Someone asked me for advice about being in a band the other day. I'm currently gearing up to record my current (hardcore) band's first full length, and start touring my desolate, godforsaken country again, so I thought I'd compile my essay-length response into a list for you, because I love you all. This one's for you, Sput. List is just random albums I love that came on shuffle.
An Age Among Them
Being in a band is like chilling with some of your best friends, and being simultaneously involved in the same number of equally destructive toxic marriages. Emotions are going to run hot.
One Nation Under a Groove
Don't let that scare you off though. Being in a band is an experience unlike any other.
The Many Faces of Oliver Hart
You should learn to simultaneously give the band your all, while not taking yourself or it too seriously. Not putting the effort in to play properly or show up to practice or write means you won't have a functional band. But a functional band is meaningless if you don't enjoy or get something out of it.
If your band don't have the same goals as you, find new members, or quit.
If your band don't have the same work ethic as you, find new members, or quit.
If you don't enjoy your band or music, find new members, or quit. Don't waste time on something you don't want to do or enjoy. You could be doing more valuable stuff with your time.
When you're just starting out, don't sink too much / much at all money into printing merch. Nobody is going to want it until they know who you are.
Instead, spend that money on finding a decent engineer and getting some recordings up on bandcamp, stat. They'll help with shows, they'll help with getting you out there, and it looks professional. Building a fanbase purely on shows these days is pretty hard. Use the internet. It's your friend.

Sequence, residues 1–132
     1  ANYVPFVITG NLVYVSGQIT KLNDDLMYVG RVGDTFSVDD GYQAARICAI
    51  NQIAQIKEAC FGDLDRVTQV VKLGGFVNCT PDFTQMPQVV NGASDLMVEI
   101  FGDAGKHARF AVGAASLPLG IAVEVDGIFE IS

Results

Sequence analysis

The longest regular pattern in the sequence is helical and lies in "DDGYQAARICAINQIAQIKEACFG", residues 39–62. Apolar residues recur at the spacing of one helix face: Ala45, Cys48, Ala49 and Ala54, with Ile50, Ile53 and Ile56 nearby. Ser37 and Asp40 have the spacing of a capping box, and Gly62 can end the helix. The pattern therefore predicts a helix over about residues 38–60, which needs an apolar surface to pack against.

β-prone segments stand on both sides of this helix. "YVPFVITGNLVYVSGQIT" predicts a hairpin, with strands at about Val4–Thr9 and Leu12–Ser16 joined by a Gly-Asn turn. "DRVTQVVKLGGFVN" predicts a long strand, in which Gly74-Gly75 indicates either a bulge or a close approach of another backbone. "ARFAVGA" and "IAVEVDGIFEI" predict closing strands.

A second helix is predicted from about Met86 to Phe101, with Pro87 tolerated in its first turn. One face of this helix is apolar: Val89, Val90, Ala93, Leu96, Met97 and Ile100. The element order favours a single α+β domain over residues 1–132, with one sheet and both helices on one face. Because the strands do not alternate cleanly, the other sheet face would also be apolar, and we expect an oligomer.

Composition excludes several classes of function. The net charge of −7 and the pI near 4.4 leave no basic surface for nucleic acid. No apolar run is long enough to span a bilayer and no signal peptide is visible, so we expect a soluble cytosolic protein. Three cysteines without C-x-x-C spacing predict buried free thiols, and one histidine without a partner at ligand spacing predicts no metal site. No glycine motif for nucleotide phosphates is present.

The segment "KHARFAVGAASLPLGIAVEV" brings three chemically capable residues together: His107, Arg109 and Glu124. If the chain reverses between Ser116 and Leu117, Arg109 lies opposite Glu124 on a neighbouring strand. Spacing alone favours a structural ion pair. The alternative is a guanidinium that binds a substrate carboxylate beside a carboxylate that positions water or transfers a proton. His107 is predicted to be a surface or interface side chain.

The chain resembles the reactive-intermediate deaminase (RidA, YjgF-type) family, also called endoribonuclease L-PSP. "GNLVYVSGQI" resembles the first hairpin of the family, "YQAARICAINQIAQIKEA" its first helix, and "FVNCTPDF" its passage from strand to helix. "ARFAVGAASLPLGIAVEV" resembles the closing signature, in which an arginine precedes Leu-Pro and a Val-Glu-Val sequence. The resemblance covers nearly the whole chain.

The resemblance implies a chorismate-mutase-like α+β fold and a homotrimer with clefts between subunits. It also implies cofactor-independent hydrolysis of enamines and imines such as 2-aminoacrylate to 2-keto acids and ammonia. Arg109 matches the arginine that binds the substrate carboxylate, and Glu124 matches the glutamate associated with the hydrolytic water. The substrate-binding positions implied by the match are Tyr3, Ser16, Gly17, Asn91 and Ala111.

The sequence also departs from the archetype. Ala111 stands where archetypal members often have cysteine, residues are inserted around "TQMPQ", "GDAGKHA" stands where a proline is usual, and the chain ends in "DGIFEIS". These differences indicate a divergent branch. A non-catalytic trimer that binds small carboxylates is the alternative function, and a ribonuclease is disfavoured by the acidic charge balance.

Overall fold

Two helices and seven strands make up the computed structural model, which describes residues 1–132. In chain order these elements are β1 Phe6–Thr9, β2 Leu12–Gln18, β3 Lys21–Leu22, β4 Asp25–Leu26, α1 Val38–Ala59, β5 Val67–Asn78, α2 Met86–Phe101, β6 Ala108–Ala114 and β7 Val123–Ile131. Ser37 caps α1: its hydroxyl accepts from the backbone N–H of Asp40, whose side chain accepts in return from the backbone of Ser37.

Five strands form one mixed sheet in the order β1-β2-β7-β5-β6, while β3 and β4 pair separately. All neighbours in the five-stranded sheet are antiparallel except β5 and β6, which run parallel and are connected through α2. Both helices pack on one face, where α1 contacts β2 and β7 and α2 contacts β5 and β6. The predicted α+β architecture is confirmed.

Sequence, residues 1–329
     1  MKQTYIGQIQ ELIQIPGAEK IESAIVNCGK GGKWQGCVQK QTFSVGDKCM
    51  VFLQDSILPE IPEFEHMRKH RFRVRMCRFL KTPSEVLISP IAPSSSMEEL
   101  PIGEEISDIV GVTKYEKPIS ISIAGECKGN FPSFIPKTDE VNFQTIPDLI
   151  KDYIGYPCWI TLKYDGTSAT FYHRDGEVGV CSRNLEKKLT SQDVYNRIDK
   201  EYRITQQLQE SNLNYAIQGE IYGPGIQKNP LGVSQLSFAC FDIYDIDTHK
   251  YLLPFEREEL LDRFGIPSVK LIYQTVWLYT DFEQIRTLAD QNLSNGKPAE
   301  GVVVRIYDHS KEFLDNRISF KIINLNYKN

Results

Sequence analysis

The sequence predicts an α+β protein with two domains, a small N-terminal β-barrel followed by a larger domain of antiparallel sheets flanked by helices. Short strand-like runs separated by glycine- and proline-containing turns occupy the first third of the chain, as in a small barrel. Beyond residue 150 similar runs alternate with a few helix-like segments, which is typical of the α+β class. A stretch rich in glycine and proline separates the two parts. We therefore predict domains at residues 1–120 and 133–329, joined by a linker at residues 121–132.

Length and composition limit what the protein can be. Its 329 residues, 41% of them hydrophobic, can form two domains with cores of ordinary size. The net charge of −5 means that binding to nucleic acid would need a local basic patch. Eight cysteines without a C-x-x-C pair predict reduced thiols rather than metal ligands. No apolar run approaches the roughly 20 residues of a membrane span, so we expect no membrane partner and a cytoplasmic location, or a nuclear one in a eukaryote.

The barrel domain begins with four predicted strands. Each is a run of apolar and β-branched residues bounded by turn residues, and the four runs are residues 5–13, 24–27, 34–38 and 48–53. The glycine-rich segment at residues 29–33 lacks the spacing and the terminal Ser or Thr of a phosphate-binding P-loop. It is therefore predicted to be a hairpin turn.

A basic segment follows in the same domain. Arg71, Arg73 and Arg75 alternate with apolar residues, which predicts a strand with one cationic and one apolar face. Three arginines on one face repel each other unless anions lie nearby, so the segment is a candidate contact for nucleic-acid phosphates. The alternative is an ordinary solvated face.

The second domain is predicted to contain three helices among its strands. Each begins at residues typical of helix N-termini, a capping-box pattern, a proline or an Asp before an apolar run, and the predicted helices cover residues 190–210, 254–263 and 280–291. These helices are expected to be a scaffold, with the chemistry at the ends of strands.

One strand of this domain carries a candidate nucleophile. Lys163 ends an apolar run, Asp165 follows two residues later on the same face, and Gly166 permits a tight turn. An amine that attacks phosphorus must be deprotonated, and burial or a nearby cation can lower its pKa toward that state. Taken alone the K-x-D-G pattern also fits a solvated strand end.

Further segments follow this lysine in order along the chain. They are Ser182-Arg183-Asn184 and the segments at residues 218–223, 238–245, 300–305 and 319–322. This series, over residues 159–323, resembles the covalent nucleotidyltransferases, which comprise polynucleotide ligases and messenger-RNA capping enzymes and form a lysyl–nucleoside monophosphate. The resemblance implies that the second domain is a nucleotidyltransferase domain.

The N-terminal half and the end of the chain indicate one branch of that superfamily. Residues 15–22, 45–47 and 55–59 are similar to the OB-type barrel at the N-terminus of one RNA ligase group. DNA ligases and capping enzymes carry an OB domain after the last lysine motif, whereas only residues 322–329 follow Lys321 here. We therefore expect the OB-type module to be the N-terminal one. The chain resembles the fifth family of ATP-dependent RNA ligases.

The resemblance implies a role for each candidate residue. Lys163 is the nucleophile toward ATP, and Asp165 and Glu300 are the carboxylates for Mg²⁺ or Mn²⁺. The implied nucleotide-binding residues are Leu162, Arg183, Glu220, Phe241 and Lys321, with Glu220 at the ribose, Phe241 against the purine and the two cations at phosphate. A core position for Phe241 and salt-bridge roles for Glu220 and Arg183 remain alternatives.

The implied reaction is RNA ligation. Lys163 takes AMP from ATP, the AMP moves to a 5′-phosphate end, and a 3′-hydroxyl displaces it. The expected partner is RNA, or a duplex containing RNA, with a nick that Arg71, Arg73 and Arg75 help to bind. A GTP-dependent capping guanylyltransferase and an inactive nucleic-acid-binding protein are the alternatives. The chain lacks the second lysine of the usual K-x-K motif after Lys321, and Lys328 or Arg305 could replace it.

|9||Hail Mary Mallon|
On that note, don't be afraid to ask for shows / supports from bands you admire. Do, however, be prepared to back that up with a good show, lots of gratitude and humility, and/or work for it.
Mingus Mingus Mingus Mingus Mingus
Pay to play is a fucking scam. Everyone has their own opinions, but don't buy into it if you can help it.
If you're lucky, however, your city or town will have a few DIY venues / safe spaces, whether they be warehouses, art spaces, record stores or what. DO be courteous and respectful to the people who own and organise these places, and touring bands. Both put their necks out and fight through financial losses / legal red tape so you and your buddies can have a good time.
A Saucerful of Secrets
Be courteous to the sound guy (if applicable). His job is more tedious than you realise, and you want to be the easy ones to work with, not the fifth prima donna D-Beat band of the day.
|13||Steve Von Till|
A Grave Is a Grim Horse
Never play a set over 20 minutes unless you're the headliner.
The Inalienable Dreamless
Never play a set that contains material you aren't 100% ready to play.
Never show up to band practice expecting to practice your parts there. Band practice is for locking in as a band, and ironing out songwriting issues (if applicable).
|16||The Angelic Process|
Your OWN time is when you should be focusing on memorising / practicing / being able to play your individual parts. Don't let the rest of the band down and refuse to practice if you need it.